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PRATT HATCHERY PROVIDES SAFE HAVEN FOR MILLIONS OF CHANNEL CAT EGGS

PRATT HATCHERY PROVIDES SAFE HAVEN FOR MILLIONS OF CHANNEL CAT EGGS

June 12, 2014

A hatchery settingkeeps natural predators, bacteria and fungus away from eggs

PRATT– Seventy-four degrees Fahrenheit is the perfect water temperature – when it comes to artificial channel catfish spawning, that is. Each year, staff at the Kansas Department of Wildlife, Parks and Tourism (KDWPT) Pratt hatchery conduct an artificial spawning program that produces channel catfish eggs in the millions. It’s a process that’s tried and true, and that thousands of anglers depend on each year. Here’s how it’s done.

The process begins in early spring when hatchery staff prepare several ponds with an ideal breeding ratio – 2 males for every three females. When summer hits, staff submerge steel cream cans in knee-deep water to simulate a natural cavity where catfish would normally nest. Once the cans are fully submerged, a male will enter and prepare a nest site and then herd a ready-to-spawn female into the can where eggs are deposited and fertilization can begin. When waters reach the ideal temperature of 74 degrees, hatchery staff will check the cans twice a week and collect any fertilized egg masses, which can average 1.5 to 2 pounds each.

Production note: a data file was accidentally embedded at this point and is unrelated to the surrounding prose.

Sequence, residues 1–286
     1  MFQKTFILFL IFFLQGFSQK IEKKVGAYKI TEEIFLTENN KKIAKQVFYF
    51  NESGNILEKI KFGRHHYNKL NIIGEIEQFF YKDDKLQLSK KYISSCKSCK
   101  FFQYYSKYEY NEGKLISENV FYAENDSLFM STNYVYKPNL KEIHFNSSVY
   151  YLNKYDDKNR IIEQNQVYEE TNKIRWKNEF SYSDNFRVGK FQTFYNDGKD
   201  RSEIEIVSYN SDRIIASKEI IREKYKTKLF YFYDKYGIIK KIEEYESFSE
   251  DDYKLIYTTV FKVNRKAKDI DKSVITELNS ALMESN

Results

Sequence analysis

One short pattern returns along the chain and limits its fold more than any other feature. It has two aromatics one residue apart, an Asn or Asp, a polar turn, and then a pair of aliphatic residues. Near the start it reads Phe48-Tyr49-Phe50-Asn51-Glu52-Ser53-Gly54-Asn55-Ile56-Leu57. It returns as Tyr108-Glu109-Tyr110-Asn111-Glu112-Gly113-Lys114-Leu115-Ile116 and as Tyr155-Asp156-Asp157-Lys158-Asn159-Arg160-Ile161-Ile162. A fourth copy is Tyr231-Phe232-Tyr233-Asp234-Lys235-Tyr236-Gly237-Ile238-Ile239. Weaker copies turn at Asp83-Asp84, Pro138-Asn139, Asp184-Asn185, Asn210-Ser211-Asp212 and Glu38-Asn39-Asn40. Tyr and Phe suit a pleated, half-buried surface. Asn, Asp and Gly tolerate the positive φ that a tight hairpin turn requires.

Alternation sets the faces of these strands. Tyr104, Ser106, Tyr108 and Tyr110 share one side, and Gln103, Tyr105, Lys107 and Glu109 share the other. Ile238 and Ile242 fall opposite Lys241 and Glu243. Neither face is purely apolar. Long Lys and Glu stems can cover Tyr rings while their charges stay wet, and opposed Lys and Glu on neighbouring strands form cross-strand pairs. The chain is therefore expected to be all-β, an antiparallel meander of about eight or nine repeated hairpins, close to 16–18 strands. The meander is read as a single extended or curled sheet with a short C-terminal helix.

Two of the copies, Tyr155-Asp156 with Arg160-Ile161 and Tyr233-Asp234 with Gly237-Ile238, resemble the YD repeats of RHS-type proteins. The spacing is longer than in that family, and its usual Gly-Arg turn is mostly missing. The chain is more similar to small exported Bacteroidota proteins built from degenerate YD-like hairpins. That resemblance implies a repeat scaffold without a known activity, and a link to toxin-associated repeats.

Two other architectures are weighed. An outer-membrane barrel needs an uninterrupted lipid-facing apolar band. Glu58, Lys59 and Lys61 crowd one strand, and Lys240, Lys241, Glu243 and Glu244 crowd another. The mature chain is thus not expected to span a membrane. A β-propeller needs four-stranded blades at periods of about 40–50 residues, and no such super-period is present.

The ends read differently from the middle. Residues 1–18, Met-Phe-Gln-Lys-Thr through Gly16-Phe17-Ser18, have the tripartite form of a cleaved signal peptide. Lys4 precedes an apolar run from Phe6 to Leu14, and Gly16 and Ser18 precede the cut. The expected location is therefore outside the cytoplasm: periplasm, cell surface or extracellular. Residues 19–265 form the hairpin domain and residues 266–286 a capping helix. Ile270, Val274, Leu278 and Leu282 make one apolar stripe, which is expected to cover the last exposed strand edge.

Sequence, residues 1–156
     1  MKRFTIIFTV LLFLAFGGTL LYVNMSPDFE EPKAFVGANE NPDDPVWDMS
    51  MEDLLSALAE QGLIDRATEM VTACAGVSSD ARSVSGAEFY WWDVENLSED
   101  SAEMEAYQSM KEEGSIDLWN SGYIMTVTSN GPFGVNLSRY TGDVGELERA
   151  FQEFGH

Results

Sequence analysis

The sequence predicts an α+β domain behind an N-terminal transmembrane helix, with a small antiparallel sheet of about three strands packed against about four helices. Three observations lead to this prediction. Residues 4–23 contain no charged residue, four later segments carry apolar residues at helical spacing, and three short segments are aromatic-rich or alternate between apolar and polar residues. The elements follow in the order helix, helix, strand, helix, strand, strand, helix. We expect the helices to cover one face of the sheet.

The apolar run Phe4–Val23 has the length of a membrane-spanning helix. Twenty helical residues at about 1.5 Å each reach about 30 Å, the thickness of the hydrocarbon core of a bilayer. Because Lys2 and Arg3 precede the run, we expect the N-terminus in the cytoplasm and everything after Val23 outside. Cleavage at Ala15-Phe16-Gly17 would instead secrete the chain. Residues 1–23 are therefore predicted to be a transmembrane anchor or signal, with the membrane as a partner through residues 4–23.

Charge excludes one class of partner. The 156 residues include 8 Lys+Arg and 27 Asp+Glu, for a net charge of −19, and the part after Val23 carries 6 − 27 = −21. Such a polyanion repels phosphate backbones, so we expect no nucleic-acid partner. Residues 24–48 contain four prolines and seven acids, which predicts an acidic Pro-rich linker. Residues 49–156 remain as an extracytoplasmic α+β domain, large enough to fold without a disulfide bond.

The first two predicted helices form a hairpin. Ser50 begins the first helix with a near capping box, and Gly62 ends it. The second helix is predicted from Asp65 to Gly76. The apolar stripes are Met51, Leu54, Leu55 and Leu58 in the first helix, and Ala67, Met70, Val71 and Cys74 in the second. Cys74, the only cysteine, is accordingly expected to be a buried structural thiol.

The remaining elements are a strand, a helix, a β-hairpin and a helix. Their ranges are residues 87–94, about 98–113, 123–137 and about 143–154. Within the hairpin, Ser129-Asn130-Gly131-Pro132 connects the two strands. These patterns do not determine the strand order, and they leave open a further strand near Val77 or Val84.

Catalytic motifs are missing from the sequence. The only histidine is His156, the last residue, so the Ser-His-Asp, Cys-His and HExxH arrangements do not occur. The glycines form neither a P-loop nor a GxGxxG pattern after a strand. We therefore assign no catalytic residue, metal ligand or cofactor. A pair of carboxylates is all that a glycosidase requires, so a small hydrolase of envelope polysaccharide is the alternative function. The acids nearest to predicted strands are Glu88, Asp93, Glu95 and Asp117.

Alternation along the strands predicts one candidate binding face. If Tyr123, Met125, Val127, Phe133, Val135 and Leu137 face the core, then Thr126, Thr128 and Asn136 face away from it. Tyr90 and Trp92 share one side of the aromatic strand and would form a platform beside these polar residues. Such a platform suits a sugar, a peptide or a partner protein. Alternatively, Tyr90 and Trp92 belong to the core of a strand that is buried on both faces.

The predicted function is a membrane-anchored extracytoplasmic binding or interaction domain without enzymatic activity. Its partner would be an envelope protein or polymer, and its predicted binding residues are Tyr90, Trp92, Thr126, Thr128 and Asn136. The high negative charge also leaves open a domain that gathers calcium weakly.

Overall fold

“The purpose of this process is to increase hatch rates. On our first day of collection, we got 908,000 eggs – 80 percent of which we can get to hatch in a controlled environment,” said KDWPT fisheries biologist Brett Houdyshell. “Our goal this year is to collect approximately 3 million eggs.”

Once the fertilized eggs are collected, they are placed in special troughs with constant water circulation where the young can safely hatch. After about eight days, the fry are able to swim up and out of the egg mass and into connected tanks where food is available.

“Channel catfish readily take fish food, so by their eighth day, they will be eating a prepared fish food,” said Houdyshell.

Some fry will grow to fingerlings where they will be stocked in new or renovated waters, while others will stay in the hatchery system where they will continue to grow and be stocked the following fall as intermediate or catchable-size fish, ranging from 10-12 inches.

Channel catfish are just one of many fish species that KDWPT hatchery staff produce around the state. For more information on KDWPT fish hatcheries and stocking reports, visit ksoutdoors.com and click “Fishing.”

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